The low-carbon sector supports more than 10,000 jobs, brings in hundreds of millions of pounds for the economy, and greatly improves the nation’s health.
But this remarkable success story has been achieved despite the bureaucratic hurdles in the way.
By reducing red tape, Scottish salmon could do even more to achieve responsible, sustainable aquaculture growth: creating more local jobs, investing in more rural housing and contributing more to the United Nations’ goals of international food security.
Scottish salmon has been instrumental in driving global demand and consumption, thanks to the shift from being primarily wild-caught to farm-raised.
But without action by government, we will lose out to our Scandinavian neighbours who have a clear running track ahead of them without the hurdles we face in Scotland.
While Scottish salmon farming is growing at about 1.4 per cent per year, Norway’s sector is already growing at three times that rate – and in Iceland it surged by 35 per cent last year.
The risk is that the jobs in Scotland which depend on Scottish salmon will be squeezed out, and the economic benefits for the country will be lost.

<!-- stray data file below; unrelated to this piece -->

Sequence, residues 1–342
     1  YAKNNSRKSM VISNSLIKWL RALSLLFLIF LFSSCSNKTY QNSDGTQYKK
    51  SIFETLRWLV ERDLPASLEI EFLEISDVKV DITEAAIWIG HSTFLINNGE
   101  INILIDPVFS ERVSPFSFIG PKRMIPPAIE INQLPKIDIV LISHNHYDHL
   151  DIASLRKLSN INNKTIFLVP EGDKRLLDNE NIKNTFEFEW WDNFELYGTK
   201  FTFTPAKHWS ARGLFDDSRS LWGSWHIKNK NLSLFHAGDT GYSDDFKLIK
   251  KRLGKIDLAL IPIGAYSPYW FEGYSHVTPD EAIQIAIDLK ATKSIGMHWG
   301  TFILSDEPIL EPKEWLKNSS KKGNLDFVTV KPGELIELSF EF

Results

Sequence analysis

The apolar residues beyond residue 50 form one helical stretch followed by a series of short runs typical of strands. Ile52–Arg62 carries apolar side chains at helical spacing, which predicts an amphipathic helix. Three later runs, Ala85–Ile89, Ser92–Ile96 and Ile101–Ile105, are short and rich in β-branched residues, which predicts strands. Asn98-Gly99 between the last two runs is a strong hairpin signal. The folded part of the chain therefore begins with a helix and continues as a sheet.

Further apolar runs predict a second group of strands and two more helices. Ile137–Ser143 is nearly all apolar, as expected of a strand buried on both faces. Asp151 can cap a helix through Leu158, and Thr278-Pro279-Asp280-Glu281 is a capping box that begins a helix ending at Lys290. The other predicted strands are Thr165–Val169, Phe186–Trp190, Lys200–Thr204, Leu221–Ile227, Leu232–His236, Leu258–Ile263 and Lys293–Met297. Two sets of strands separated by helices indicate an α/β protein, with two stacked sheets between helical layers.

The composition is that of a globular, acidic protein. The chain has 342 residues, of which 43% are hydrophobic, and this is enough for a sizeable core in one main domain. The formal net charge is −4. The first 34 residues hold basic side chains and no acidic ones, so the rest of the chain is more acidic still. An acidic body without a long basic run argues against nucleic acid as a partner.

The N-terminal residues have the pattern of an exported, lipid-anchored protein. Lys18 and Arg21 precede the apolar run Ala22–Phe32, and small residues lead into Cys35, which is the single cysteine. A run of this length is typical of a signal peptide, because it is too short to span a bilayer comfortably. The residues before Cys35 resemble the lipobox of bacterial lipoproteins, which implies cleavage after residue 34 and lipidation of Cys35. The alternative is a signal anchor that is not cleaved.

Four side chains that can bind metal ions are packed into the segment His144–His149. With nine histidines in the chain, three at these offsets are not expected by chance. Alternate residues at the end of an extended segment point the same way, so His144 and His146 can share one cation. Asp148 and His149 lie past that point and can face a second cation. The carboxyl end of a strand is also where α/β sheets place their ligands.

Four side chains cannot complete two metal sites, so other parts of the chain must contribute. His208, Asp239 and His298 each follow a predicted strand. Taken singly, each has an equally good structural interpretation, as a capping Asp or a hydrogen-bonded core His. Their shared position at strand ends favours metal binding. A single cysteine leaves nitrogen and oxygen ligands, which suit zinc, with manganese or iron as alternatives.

Several things need to happen.
First, we need to reform the regulatory system here in Scotland. Earlier this year, Professor Russel Griggs published an independent review into the system governing aquaculture, which confirmed that the current set-up does not work.
It is right and proper that our sector is regulated, but we should mirror international best practice and have a single body in charge.
At present, our members pay into several bodies, including Crown Estate Scotland which has received £20 million over the last five years and now wants to hike rates by 95 per cent.
Yet there are no details on how, or if, this extra money will be used to help local people in the areas where it is raised.
If the system was more streamlined, greater contributions could go to communities rather than into quango coffers.
There is a major housing shortage in rural Scotland, for example, which the farm-raised salmon sector could help address through local investment.
But the reforms also need to go much further than the regulatory system.
We need greater flexibility in the UK’s immigration system to help address labour shortages.
There is a workforce squeeze and fish processing should be added to the short-term occupation list to make it easier to recruit labour from the EU.
Scottish salmon is the UK’s largest food export, but our members have faced an extra £3 million in costs each year since we left the EU.
The shift to a digital export health certificate (EHC) system must be accelerated by the UK Government so that we can continue to deliver responsible, sustainable growth to help both the environment and the economy.
By cutting the red tape, Scottish salmon can have an even brighter future, sustaining jobs and communities, boosting physical and mental health, and supporting our shared environment.
Tavish Scott is Salmon Scotland’s chief executive